question about gardening


11 Years
Mar 23, 2008
Bailey, Mississippi.
probably sounds stupid, But.. How do you grow your own food?
,i want to start a garden and raise some vegetables, live off the earth etc etc, because i really dont like how bad the food nowadays is for you. plus prices and all of that stuff, have been trying to get my parents to start a garden but dad "doesn't have time" and mom "Doesn't wanna work it", But i want to so... how would i go about this?

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12 Years
May 8, 2007
You can always start small with a garden, too! That way, you'll have more success. Often, people go dig up a huge plot and then it's too much for them to maintain.

You would be amazed at how much food you can get out of even a couple of large patio tubs!

If you want to dig up part of your yard, then I would suggest starting with just a few square feet and making it larger every year. That way, you won't skimp on soil preparation and weeding.

I would concentrate on growing things that you will get the most out of. I've grown most things you can in a garden, but here are some examples. I always like to grow an assortment of greens, because they're good for me, I like them a lot, they don't travel or store all that well, so they are extra fantastic when fresh out of the garden. We also have raspberries, because they also don't travel or ship very well, are expensive in the store and my husband loves them. Fresh, vine ripened tomatoes are fantastic, still warm from the sun. Yummy! Summer squash is easy to grow and I really love it. Winter squash stores well, after harvest. You might choose things that you like to eat, are easy to grow, don't take much growing space, store well after harvest, have a large harvest, are expensive in the store or are particularly nutritious.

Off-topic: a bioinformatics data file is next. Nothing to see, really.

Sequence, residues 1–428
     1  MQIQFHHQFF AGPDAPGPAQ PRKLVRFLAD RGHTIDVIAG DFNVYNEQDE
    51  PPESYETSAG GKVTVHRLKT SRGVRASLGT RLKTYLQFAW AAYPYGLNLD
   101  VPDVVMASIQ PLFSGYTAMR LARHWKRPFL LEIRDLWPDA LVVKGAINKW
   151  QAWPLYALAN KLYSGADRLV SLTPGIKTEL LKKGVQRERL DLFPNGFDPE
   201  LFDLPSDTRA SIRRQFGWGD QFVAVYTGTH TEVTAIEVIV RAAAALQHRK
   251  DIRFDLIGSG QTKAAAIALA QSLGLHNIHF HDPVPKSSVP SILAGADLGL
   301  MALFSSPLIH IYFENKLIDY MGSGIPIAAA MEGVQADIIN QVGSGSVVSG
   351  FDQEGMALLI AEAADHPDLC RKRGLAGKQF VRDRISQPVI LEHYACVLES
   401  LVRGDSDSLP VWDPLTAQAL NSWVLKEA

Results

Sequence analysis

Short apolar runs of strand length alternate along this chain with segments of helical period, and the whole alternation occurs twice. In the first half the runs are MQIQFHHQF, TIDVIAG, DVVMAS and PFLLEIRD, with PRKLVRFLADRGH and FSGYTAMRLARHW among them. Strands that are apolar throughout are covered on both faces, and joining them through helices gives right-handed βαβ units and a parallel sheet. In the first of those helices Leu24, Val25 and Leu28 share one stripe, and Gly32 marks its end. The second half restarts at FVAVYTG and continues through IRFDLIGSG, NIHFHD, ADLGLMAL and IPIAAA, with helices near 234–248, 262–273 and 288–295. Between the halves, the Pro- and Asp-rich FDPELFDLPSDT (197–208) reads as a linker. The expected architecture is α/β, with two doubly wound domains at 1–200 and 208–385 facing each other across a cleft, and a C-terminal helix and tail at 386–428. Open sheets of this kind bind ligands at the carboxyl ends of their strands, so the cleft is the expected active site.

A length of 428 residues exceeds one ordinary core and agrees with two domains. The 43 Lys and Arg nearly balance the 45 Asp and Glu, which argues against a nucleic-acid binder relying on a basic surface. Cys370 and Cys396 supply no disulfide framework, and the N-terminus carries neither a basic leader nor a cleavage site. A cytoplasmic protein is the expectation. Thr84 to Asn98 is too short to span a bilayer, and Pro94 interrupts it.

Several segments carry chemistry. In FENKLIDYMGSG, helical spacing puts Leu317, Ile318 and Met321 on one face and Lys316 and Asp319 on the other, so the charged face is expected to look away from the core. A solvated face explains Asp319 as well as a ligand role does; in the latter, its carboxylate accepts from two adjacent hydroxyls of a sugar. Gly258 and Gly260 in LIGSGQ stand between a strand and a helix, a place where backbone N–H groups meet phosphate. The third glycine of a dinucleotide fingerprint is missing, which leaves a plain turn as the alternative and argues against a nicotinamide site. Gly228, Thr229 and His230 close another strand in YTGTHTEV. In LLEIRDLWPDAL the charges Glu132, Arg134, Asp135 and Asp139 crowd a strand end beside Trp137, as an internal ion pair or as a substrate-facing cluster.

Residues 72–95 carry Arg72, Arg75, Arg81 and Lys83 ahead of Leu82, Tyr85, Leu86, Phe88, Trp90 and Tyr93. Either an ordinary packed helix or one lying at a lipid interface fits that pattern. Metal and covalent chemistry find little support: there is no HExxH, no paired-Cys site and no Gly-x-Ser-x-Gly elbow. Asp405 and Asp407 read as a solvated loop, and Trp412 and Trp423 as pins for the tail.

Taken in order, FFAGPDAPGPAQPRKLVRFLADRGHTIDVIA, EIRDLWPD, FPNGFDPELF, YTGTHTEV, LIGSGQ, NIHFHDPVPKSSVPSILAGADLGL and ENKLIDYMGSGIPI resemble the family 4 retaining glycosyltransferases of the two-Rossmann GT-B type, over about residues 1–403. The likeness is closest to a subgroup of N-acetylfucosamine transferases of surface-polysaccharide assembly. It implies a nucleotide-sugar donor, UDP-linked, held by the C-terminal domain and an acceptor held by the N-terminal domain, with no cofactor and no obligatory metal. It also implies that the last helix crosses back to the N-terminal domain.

1. Start small.

2. Do a thorough job of soil preparation. This is a more involved topic, depending on what your soil is like. It takes the most work, the first year. See above.

3. Choose things to grow that you really like to eat and it will make your gardening a lot more rewarding.

4. Keep it weeded and water as needed. Mulching can help keep weeds down.

5. Start a compost pile, to feed your soil and improve it's texture next year.

Good luck with your gardening! It's never too late in the year to start, even if you just get started on soil preparation for next year's garden. There are also fall and winter crops, depending on where you live.


Flock Mistress
12 Years
Apr 20, 2007
Ontario, Canada
For your situation I would =highly= recommend Mel Bartholomew's book "Square Foot Gardening". It is a good thorough beginners' guide to preparing soil and planting things so you get maximum crop from minimum area and not too much work.

Good luck, and hope to see you over on TEG



12 Years
Mar 1, 2008
Gladstone MI
I am a master gardener and I have to agree with you on the square foot gardening by Mel Bartholomew. You can get the libray to get it for you if they don't have it they can get it thru libray lending, you also might look for it used off amazon or ebay (but I am really disgusted with ebay and what they have turned into). Another gardening idea you might want to look into is lasana gardening it would be great to start your plot for next year it is great for building new garden sites just pile great stuff in layers and let nature do the work, this book can also be borrowed thru your local libray. Good luck Danial

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